Oral cancer, or mouth cancer, is a generic term that covers a large number of different types of cancer. Oral cancer can affect the underside of your tongue, the floor of your mouth, the roof of your mouth, your gums and the inside of your cheeks. There are also types of cancer that can affect the salivary glands, the tonsils and the lips.Your dentist has a vital role to play in looking out for symptoms of oral cancer. You should view your dentist as the expert who takes care of your oral health rather than someone who simply looks after your teeth. You should visit your dentist regularly for check-ups.
The number of cases of mouth cancer is rising. Since the 1990s the number of cases of oral cancer in the UK has increased by nearly 30% for men in their forties and by nearly 25% for women. Health experts put this increase down to changes in lifestyle such as the increase in smoking and alcohol consumption, especially of spirits.
While in the initial stages of mouth cancer you may not feel any pain, you may notice mild symptoms such as persistent mouth ulcers that do not heal within a couple of weeks. You may also notice that it is sore to talk, eat or move your tongue. You may notice numbness in your mouth or a discoloured area on your tongue or cheek. The symptoms may be mild but the noticeable element may be the fact that you can’t get rid of them.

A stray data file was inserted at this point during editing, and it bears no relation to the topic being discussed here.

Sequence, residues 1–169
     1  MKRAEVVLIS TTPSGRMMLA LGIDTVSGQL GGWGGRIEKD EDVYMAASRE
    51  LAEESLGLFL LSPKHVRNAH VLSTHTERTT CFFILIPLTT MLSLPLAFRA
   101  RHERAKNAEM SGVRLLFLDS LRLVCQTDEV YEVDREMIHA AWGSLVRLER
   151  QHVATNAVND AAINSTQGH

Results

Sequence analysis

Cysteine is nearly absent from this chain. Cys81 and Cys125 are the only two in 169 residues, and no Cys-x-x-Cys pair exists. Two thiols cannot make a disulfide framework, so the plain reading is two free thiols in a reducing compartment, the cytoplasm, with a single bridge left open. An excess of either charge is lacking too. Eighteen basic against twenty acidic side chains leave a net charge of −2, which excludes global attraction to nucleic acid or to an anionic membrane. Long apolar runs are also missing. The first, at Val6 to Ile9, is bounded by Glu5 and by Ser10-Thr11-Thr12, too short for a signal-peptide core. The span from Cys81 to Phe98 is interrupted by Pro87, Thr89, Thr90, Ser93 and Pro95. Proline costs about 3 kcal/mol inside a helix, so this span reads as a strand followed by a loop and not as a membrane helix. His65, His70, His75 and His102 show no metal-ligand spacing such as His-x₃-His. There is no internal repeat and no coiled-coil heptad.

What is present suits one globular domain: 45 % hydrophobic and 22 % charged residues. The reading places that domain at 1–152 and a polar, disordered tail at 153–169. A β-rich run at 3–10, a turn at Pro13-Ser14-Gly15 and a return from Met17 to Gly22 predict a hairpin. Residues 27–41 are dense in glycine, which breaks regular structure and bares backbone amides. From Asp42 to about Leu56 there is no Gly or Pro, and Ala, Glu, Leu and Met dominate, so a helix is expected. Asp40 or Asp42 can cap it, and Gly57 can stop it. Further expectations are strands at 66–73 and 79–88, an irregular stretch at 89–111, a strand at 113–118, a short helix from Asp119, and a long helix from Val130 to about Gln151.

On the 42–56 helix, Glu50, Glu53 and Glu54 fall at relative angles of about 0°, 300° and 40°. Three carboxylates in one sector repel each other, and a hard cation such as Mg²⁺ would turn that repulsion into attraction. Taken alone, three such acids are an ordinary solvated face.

The causes of mouth cancer are uncertain, but health experts believe that the following might be contributory factors:
Look out for symptoms and consult your dentist if you are worried about anything. The presence of symptoms does not necessarily mean that you have cancer, and there are two important elements in the detection of cancer. Firstly, a specialist needs to identify whether cancer is present. This requires a biopsy which involves taking a tissue sample from the affected area and analysing it in a laboratory. If the biopsy is positive, the specialist at the hospital will carry out more tests to find out the extent of the cancer, with x-rays or other modern imaging techniques such as MRI.
Apart from avoiding smoking and excess alcohol, the best protection against oral cancer is early detection which greatly increases the possibility of successful treatment. Treatment at this stage is much more straightforward, much less debilitating for the patient and offers more chance of success.
If you think you have any of the symptoms of oral cancer you should speak to your dentist or GP immediately.
If the cancer has been detected early enough, it can usually be removed through surgery. If the cancer is very small then this may be a very simple procedure. In some cases the procedure can be carried out under local anaesthetic. If the cancer has spread, other treatment options in addition to surgery may include radiotherapy and chemotherapy.
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